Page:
The companies testifying before Congress are widely accused of violating antitrust law. But what is antitrust, exactly, and what makes for a violation?
Put simply, antitrust law is about ensuring a level playing field for competition. Think of it as a type of guardrail designed to keep markets fair. When it works correctly, antitrust law is supposed to prevent companies from abusing their dominance in the marketplace in order to gain an unfair competitive advantage.
This doesn’t mean that monopolies are inherently illegal, at least under US law. And a company doesn’t violate antitrust law simply for being big. But it can violate the law if it does things that harm competition. To determine if that’s happened, regulators like the Justice Department and the Federal Trade Commission gather economic evidence. Normally, that evidence comes in the form of data showing that prices have risen, or that rival businesses have been hurt, or that innovation has been stifled. Those investigations can lead to lawsuits, fines and, in the most extreme cases, corporate breakups.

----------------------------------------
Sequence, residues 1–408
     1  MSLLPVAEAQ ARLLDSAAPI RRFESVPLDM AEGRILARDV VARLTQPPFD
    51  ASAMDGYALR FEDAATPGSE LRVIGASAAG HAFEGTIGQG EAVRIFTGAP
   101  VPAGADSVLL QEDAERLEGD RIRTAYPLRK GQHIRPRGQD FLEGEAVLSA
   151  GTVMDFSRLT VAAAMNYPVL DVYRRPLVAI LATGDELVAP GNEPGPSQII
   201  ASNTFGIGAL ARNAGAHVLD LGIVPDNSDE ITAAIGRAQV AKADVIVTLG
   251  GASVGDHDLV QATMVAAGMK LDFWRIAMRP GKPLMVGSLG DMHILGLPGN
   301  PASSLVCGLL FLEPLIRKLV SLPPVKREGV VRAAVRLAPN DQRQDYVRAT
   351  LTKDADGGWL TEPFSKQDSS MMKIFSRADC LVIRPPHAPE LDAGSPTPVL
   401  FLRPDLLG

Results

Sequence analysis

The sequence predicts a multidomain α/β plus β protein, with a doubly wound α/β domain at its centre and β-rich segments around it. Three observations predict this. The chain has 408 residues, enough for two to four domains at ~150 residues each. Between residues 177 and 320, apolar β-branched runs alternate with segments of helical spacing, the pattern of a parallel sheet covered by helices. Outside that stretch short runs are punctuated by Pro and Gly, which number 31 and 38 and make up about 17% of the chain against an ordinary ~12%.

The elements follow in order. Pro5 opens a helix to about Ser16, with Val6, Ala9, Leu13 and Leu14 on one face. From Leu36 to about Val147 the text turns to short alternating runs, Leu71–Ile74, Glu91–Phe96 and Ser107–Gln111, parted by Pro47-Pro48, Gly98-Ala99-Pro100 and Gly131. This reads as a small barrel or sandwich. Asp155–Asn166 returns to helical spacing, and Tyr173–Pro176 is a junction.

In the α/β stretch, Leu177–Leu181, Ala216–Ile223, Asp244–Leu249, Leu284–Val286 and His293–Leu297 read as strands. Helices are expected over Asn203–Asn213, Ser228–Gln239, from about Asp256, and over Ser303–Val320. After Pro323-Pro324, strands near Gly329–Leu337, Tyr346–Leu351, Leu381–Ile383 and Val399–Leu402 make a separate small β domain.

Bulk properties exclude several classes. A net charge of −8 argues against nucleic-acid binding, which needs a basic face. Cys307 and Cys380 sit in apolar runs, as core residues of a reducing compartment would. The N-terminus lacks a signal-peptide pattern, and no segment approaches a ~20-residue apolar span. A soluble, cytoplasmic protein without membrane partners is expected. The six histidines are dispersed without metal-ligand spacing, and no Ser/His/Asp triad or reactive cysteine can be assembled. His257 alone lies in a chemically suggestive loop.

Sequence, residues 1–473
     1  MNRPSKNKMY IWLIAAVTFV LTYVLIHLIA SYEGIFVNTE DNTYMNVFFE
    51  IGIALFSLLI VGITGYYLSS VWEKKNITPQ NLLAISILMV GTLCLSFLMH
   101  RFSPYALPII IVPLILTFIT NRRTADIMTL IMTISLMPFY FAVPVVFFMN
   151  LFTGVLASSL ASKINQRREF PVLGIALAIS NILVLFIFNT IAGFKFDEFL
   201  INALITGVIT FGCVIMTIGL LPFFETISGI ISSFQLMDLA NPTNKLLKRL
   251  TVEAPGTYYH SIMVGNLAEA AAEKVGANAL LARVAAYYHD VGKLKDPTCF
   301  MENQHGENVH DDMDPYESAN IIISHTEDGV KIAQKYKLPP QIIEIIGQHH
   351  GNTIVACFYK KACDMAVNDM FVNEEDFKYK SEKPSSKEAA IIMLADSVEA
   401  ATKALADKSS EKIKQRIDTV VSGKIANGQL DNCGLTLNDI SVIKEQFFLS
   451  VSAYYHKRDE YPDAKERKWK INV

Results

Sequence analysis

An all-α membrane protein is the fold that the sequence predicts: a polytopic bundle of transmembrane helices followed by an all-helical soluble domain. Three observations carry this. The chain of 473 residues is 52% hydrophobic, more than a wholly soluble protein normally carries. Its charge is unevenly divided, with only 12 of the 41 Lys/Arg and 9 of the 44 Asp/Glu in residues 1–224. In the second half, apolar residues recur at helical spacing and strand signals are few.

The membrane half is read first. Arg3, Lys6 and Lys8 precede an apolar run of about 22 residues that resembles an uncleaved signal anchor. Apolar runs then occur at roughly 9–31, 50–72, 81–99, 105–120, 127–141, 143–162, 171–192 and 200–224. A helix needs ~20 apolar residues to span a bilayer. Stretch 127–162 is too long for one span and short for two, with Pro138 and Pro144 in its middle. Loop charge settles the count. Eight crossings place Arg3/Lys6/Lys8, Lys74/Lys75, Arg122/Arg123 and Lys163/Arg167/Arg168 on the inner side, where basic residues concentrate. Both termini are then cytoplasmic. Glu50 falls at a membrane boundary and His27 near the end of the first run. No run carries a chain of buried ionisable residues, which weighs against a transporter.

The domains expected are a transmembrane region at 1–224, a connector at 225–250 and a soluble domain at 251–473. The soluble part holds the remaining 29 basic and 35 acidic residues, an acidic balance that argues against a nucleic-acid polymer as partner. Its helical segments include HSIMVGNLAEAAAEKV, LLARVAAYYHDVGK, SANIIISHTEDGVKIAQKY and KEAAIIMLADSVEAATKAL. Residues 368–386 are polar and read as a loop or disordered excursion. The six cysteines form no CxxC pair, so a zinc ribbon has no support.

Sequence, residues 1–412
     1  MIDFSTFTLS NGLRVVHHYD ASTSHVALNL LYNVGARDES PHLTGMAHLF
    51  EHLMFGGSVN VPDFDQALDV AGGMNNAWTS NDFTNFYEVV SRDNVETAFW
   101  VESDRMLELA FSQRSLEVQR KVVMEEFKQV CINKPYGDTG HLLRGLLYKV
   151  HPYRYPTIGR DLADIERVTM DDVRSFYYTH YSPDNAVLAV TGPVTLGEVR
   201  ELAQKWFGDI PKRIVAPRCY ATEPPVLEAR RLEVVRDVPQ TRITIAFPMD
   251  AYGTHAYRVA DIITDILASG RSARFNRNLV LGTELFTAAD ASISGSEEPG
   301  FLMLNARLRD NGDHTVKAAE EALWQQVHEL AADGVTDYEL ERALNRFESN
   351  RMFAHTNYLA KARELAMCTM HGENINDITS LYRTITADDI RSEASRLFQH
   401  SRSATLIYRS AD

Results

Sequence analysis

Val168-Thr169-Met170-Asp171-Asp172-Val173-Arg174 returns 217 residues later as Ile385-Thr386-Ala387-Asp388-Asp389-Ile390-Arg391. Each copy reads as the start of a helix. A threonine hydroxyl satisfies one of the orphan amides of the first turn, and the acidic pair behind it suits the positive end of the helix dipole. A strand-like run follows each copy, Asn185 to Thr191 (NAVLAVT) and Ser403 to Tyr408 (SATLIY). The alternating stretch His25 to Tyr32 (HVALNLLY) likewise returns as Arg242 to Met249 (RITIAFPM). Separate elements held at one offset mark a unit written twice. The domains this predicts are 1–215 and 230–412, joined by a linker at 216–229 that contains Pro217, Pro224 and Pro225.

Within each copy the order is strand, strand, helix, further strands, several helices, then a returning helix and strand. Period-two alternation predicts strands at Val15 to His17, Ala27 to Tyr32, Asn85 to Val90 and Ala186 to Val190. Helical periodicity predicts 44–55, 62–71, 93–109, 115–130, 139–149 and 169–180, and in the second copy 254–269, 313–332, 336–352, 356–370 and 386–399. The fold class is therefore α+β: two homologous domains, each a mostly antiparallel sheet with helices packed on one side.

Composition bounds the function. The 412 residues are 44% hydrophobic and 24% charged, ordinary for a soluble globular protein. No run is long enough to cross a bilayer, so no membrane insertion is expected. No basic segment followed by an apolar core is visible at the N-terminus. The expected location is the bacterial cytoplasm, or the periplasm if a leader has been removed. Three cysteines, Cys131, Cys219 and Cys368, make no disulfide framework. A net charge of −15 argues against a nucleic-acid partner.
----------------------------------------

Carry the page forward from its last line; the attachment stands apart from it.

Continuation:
But there are limits to antitrust law. It isn’t designed to address how platforms handle political speech or misinformation, for instance, or election security issues. While those topics may come up today, be careful not to conflate the two.